Hepatitis C virus (HCV) was first discovered in 1989, and patients infected with HCV were initially treated with interferon (IFN) monotherapy. In the 2000s, pegylated IFN combined with ribavirin was the mainstay of therapy for infected patients, but the sustained virologic response (SVR) rate was less than 50% for patients with HCV genotype 1. To further improve the therapeutic effect, direct-acting antiviral (DAA) was developed, and combination therapy with DAA and IFN has been available since 2011. In addition, IFN-free DAA therapy became available in 2014, and SVR was achieved in more than 95% of patients with chronic hepatitis and compensated cirrhosis. Thus, in just 30 years since the discovery of HCV, we aim to eliminate HCV in almost all patients. However, there are remaining issues to be addressed. Many of the patients who achieved SVR with DAA therapy had advanced liver fibrosis, and it is necessary to verify to what extent DAA therapy improves their prognosis in terms of liver function, hepatocellular carcinoma occurrence, and mortality. Resistance-associated substitutions can cause failure of DAA therapy, and the search for an effective therapy for high-level resistant viruses such as P32 deletion is particularly important. DAA therapy was approved for use in patients with decompensated cirrhosis in Japan in 2019, which is an unmet need so far. It is also important to verify the efficacy and safety in real-world settings. The World Health Organization aims to eliminate HCV by 2030, and Japan must tackle its remaining issues to achieve this goal.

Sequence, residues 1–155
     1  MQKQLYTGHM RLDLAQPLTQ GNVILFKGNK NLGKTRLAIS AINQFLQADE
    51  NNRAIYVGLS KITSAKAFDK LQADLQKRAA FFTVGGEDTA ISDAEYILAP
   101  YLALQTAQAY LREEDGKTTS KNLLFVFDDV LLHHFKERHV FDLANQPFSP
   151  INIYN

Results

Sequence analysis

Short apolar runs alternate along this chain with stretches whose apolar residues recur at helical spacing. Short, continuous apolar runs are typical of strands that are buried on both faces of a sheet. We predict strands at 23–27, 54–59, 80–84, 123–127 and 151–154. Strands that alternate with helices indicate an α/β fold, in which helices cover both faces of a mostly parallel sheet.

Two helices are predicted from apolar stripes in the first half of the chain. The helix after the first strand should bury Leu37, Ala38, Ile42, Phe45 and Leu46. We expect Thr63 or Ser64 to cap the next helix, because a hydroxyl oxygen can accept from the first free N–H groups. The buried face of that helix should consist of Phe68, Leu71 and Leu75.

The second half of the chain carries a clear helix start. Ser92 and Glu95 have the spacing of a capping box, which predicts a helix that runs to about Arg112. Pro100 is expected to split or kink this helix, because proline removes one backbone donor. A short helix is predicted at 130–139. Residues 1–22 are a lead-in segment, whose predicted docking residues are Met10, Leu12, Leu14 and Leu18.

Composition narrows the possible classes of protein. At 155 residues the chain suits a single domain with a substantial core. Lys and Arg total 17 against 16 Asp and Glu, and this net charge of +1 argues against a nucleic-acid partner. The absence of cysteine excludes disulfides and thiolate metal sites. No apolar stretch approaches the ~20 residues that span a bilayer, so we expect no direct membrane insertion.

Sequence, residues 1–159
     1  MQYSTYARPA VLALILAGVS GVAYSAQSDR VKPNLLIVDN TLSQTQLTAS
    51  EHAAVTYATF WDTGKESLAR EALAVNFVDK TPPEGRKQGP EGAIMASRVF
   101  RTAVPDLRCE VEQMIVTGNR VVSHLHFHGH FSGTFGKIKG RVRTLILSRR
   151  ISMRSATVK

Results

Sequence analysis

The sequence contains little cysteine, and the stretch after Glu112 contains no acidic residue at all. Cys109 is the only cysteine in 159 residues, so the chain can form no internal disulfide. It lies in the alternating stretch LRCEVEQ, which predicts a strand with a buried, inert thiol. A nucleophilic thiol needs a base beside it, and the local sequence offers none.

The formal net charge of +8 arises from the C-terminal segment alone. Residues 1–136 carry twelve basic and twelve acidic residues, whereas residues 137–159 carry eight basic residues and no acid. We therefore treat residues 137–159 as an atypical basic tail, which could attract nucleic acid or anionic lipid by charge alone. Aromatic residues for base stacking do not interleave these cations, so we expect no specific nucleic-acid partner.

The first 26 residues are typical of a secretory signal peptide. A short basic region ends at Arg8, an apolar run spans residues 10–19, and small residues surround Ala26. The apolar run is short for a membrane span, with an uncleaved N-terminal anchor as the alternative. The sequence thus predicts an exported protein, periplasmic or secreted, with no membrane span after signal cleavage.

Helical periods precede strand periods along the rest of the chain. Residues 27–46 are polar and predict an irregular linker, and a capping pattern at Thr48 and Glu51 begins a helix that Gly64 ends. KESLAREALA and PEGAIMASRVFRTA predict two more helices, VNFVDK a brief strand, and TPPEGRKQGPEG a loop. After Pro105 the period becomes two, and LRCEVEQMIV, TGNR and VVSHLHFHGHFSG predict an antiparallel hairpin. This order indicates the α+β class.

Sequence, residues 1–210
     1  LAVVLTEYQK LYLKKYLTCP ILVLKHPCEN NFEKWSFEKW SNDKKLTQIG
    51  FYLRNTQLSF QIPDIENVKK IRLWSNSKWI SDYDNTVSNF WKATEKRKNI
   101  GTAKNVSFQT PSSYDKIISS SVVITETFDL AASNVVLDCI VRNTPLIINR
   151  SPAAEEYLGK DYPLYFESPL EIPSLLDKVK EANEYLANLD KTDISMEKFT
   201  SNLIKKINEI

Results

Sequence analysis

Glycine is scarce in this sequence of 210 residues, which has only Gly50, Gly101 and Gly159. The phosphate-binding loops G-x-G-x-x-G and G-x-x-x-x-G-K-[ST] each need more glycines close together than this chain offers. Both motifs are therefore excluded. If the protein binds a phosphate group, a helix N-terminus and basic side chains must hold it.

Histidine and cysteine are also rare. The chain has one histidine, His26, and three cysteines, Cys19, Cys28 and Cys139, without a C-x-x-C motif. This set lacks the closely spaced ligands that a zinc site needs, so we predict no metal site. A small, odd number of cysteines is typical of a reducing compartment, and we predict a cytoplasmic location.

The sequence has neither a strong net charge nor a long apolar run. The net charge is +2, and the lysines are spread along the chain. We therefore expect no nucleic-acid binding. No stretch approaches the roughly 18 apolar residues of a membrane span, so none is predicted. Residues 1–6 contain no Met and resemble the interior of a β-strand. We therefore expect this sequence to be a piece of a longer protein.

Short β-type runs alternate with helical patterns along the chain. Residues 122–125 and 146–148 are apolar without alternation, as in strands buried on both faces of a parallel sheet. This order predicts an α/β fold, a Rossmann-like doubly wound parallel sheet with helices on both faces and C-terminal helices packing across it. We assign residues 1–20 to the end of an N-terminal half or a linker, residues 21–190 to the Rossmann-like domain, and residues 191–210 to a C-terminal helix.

Keywords: direct-acting antiviral; elimination; hepatitis C virus; interferon.
2021, National Center for Global Health and Medicine.